There are a number of people who produce scars which do not mature, but continue growing and become keloid. Patients with darker skin, or much paler skin and red hair, are more likely to produce poor scars. They will usually have some previous experience of this. Such patients can still undergo surgery, but have to be treated with special care.
The Cadogan Clinic has a specific After Surgery Regime available to all patients and is of particular importance for patients with long scars in important areas, such as a face lift, breast or abdominal surgery. We are also able to treat patients who have a problem with poor scars. We believe that prevention is the proper response and have made specific treatments available, such as the Icon Laser combined with a bespoke treatment plan depending on the patient needs.
Our Surgeons can influence the quality of the scar by choosing the optimum position and orientation. For instance, a vertical scar in front of the ear will be a good scar, while a transverse scar across the cheek will be a poor scar. Our Surgeons aim to keep the scar as short as possible and to repair the wound with appropriate stitches. Any conventional stitch through the skin will need to be removed early to avoid stitch marks. In many areas of the body the Surgeon will choose use dissolving suture materials under the skin, thus avoiding stitch marks altogether.
Any signs of slow healing or infection are treated promptly by our expert team. Prolonged redness or raised keloid scars are treated early, as well as patients with olive or darker skin may develop extra pigmentation around the scar, called post-inflammatory inflammation (PID).
Patients with chronic disease need to be in the best possible condition ahead of surgery. For instance, diabetes should be well controlled to avoid infection, anaemia should be treated to speed healing. Nutrition should be good. Obese patients tend to heal poorly and suffer more infections, whilst under nourished patients may be short of vitamins need to assist healing and recovery.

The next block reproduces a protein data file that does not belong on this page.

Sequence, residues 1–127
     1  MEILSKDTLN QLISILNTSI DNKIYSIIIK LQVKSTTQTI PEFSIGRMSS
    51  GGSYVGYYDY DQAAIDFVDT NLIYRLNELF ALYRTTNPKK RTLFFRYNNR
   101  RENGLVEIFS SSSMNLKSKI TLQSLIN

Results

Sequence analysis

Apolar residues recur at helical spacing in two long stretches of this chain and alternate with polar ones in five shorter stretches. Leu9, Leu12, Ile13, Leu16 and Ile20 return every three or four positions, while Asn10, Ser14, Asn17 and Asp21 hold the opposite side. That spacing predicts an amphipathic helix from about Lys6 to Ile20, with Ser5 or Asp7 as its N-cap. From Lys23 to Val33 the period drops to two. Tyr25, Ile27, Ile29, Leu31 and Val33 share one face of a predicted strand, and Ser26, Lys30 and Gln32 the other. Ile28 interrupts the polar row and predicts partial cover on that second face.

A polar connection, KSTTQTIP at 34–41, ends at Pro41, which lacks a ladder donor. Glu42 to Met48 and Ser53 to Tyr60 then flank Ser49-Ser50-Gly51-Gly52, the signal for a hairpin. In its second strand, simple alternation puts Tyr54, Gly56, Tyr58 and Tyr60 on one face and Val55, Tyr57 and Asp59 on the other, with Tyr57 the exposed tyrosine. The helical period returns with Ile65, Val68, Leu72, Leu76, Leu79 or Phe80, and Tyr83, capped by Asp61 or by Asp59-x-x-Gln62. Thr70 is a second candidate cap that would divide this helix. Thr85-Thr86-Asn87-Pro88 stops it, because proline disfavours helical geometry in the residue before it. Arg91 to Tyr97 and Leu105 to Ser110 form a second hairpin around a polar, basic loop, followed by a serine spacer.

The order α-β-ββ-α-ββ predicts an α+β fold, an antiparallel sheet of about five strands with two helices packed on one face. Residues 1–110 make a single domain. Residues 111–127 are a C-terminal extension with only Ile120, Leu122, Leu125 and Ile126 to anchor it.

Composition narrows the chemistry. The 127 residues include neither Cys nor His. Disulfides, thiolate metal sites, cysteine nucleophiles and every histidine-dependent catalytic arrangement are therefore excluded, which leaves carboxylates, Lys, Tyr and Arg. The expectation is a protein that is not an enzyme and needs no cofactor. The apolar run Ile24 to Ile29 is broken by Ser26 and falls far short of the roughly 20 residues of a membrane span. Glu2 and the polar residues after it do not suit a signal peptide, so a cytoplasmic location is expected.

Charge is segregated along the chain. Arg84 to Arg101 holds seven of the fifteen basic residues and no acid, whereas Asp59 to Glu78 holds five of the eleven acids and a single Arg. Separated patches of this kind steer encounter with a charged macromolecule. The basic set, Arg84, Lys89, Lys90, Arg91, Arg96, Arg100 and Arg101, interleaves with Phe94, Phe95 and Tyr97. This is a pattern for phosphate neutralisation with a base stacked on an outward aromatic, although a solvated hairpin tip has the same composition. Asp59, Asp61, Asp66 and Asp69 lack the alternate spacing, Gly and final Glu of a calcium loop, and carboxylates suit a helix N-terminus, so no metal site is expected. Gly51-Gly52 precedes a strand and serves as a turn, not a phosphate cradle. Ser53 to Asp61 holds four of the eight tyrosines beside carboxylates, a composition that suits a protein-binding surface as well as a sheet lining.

Our patients are generally fit and well-nourished and are unlikely to be deficient in vitamins or other elements and need not adjust their diet. Smoking is always bad for healing and patients undergoing face lifts, breast reductions and lifts and abdominal reductions should stop smoking three weeks before surgery. If smokers are also over weight then the risk is greatly increased.
Scars tend to be sun sensitive although healing is not delayed. It is patients with olive or darker skin who need particularly to avoid sunshine or to use a factor 50 sunblock. All our patients should be using the silicone dressing supplied to them which incorporates a sun factor (Kelocote SF).
Exercise will tension the wound and should therefore be reduced within the first two weeks, however some patients will be prepared to sacrifice the quality of the scar in order to maintain exercise. These will include our professional athletes who need to be back within days. Patients who wish to go back to the gym early should discuss this with the Surgeon before so they can accommodate and adjust the type of suture material used.